# need to turn it into a local variable or we can't
        # import it from here under Python 2
        apply = apply
    except NameError:
        # no apply in Python 3
        def apply(f, *args, **kw):
            return f(*args, **kw)
  8. The name of the __builtins__ module changes to builtins in Python 3. We access it with a string anyway:

    if not inPy3k:
        builtin_string = '__builtin__'
        builtin_string = 'builtins'
  9. The Unicode literal syntax is invalid in Python 3. The specific tests for Unicode are skipped anyway under Python 3 as they are irrelevant (yay!), but Unicode strings used in those tests under Python 2 have to be created by calling unicode:

    @unittest2.skipIf(inPy3k, "no unicode in Python 3")
    def testUnicode(self):
        mock = Mock()
        self.assertEqual(unicode(mock), unicode(str(mock)))
        mock.__unicode__ = lambda s: unicode('foo')
        self.assertEqual(unicode(mock), unicode('foo'))

    Similarly Python 2 long integers need to be created with long(value) rather than the literal syntax.

  10. Comparing heterogeneous types with anything other than equality / inequality is invalid by default in Python 3. When testing the default behaviour of the comparison methods (to demonstrate the behaviour has changed when providing explicit comparison methods) we skip that part of the test under Python 3:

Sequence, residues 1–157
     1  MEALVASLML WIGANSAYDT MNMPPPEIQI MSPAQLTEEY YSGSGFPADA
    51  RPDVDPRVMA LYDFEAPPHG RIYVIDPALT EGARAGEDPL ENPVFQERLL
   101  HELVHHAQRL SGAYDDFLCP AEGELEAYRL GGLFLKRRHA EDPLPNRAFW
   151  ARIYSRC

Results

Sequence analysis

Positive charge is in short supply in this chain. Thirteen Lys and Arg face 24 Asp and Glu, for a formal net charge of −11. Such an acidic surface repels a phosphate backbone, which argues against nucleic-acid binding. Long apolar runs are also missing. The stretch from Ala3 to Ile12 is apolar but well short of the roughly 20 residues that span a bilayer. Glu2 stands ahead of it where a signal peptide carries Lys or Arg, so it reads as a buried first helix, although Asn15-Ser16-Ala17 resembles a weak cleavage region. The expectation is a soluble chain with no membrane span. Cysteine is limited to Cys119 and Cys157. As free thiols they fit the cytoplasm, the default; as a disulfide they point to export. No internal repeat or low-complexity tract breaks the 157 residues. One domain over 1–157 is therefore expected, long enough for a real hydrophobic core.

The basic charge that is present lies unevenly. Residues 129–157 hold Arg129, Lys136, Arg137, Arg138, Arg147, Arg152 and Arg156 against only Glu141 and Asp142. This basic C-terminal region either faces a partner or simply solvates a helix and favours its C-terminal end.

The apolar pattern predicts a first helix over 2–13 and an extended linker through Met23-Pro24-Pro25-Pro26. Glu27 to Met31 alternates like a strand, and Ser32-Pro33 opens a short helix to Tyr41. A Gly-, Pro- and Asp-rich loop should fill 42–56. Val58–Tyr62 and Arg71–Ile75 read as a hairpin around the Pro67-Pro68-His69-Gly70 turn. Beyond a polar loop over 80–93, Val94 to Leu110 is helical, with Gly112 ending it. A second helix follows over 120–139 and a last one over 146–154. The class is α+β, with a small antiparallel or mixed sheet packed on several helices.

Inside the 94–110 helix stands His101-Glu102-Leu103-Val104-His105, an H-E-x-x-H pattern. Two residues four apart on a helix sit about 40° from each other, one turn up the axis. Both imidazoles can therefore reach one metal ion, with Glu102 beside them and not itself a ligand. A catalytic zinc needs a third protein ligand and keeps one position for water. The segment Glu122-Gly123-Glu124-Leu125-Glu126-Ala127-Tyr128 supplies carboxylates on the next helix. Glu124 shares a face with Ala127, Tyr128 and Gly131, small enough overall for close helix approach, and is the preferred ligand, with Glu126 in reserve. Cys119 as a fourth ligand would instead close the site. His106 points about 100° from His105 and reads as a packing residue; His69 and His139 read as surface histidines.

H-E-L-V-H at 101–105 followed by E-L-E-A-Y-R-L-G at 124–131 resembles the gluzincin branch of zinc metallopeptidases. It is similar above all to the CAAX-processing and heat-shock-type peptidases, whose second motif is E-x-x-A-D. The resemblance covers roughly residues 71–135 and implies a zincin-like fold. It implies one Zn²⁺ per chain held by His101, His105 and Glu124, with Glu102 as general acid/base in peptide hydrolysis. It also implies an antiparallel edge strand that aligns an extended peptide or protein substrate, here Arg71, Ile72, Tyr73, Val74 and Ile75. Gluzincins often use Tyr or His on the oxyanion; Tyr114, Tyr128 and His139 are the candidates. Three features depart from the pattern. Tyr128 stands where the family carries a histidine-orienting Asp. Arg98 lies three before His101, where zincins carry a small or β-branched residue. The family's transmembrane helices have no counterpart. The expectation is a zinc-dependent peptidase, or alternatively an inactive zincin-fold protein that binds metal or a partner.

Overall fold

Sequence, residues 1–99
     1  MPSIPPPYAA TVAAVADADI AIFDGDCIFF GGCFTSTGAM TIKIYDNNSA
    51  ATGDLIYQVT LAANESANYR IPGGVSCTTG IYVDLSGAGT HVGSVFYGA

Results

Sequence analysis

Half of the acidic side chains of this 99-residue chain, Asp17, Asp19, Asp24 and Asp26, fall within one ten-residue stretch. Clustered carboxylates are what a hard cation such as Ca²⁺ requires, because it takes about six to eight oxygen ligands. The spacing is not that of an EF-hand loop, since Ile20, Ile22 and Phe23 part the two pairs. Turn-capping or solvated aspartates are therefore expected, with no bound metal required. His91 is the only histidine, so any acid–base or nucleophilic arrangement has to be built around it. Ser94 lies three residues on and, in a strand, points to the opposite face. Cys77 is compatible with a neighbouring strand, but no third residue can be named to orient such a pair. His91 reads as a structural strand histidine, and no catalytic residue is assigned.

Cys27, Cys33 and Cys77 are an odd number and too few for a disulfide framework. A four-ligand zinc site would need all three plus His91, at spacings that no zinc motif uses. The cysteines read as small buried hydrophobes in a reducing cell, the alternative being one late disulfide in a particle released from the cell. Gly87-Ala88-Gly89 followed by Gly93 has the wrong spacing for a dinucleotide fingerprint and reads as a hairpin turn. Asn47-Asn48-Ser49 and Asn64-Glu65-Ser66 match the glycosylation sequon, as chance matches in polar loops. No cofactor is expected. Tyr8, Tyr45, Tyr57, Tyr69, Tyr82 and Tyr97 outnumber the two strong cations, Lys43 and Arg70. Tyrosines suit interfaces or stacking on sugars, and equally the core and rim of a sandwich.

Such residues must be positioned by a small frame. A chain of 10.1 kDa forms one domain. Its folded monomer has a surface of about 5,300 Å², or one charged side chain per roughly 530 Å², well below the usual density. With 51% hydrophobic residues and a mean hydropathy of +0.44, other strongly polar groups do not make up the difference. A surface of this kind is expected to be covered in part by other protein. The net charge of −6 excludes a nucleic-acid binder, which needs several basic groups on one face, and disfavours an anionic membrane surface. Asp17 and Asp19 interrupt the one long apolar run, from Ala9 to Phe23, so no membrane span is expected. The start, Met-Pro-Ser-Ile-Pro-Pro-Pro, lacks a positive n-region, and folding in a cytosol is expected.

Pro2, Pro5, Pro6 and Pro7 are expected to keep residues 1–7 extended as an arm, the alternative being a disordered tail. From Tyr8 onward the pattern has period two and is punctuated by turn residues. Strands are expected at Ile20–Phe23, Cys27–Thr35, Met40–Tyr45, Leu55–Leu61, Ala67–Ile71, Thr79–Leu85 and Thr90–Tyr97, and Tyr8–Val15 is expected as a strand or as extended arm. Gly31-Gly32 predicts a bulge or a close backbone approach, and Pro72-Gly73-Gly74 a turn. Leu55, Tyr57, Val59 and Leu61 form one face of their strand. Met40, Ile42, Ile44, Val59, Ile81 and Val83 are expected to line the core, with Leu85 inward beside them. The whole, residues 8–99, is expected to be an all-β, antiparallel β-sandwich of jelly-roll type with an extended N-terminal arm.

def testComparison(self):
        if not inPy3k:
            # incomparable in Python 3
            self. assertEqual(Mock() < 3, object() < 3)
            self. assertEqual(Mock() > 3, object() > 3)
            self. assertEqual(Mock() <= 3, object() <= 3)
            self. assertEqual(Mock() >= 3, object() >= 3)
        mock = Mock()
        def comp(s, o):
            return True
        mock.__lt__ = mock.__gt__ = mock.__le__ = mock.__ge__ = comp
        self. assertTrue(mock < 3)
        self. assertTrue(mock > 3)
        self. assertTrue(mock <= 3)
        self. assertTrue(mock >= 3)
  11. from module import * is invalid syntax in Python 3 inside the body of a function or a method. This makes it harder to test the __all__ of a module inside a test method. What you can do is use exec which emulates a module scope and although the syntax has changed (from keyword to function in Python 3) you can do it in a cross-version way: